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[Bug 11379] New: 2.6.1 - definition of hierarchical URL inconsistent with rfc 3986

From: <bugzilla@jessica.w3.org>
Date: Mon, 22 Nov 2010 18:40:57 +0000
To: public-html-bugzilla@w3.org
Message-ID: <bug-11379-2486@http.www.w3.org/Bugs/Public/>
http://www.w3.org/Bugs/Public/show_bug.cgi?id=11379

           Summary: 2.6.1 - definition of hierarchical URL inconsistent
                    with rfc 3986
           Product: HTML WG
           Version: unspecified
          Platform: All
        OS/Version: All
            Status: NEW
          Severity: normal
          Priority: P2
         Component: HTML5 spec (editor: Ian Hickson)
        AssignedTo: ian@hixie.ch
        ReportedBy: glenn@skynav.com
         QAContact: public-html-bugzilla@w3.org
                CC: mike@w3.org, public-html-wg-issue-tracking@w3.org,
                    public-html@w3.org


Section 2.6.1 defines a hierarchical URL thus:

"An absolute URL is a hierarchical URL if, when resolved and then parsed, there
is a character immediately after the <scheme> component and it is a U+002F
SOLIDUS character (/)."

However, RFC3986 Section 3 defines all URIs as containing a hierarchical part
as follows:

URI         = scheme ":" hier-part [ "?" query ] [ "#" fragment ]

and, further, does not require the hierarchical part to start with "/". In
particular, it defines hier-part as:

hier-part   = "//" authority path-abempty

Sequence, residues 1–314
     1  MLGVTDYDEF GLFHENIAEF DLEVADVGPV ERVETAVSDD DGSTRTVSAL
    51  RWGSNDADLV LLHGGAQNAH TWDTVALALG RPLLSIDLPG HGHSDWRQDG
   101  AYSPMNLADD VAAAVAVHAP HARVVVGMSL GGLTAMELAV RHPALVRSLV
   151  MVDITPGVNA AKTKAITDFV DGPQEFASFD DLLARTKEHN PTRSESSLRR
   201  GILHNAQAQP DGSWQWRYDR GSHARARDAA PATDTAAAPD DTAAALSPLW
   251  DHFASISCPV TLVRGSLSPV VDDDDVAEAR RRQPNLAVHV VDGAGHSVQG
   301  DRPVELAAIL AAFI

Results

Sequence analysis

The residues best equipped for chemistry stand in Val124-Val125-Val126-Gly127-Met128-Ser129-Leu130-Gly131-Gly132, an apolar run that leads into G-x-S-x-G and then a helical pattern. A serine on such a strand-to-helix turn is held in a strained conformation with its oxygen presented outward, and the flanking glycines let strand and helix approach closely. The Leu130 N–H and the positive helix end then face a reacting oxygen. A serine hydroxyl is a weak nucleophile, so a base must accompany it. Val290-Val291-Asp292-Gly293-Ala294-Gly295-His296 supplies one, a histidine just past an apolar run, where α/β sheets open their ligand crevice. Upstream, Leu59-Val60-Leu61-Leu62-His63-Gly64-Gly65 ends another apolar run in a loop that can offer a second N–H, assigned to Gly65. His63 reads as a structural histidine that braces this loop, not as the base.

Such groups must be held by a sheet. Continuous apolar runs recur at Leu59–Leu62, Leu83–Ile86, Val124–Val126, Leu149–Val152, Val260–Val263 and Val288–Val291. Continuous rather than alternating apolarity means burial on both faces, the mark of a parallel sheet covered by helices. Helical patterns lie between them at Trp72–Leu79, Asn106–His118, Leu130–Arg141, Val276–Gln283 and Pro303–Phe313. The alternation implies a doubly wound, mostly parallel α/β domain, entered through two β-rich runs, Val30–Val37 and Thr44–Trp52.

/ path-absolute
                  / path-rootless
                  / path-empty

Which, when expanding these components into their definitions, corresponds to:

hier-part
          = "//" authority
          | "//" authority 1*( "/" segment )
          | "/" [ segment-nz *( "/" segment ) ]
          | segment-nz *( "/" segment )
          | 0<pchar>

Note that the last two alternatives do not start with "/", yet are still
considered a "hierarchical" part by RFC3986. For example, the following URIs
match this syntax, with hier-part mapping to path-rootless:

about:blank
file:foo/bar
urn:example.net:foo:bar

In order to avoid confusion, it may be desirable to use a different term in
HTML5 than "hierarchical URL" in this regard. Alternatively, a note could be
added which distinguishes the defined usage from the like named (but different)
constructs in RFC3986.

I would also note that, in terms of the definitions found in 2.6.1, all
"authority-based URLs" are also "hierarchical URLs". I can't tell if this is
intentional or not, if it is, then perhaps a note indicating this would be
useful.

Regards,
Glenn

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Received on Monday, 22 November 2010 18:41:02 GMT

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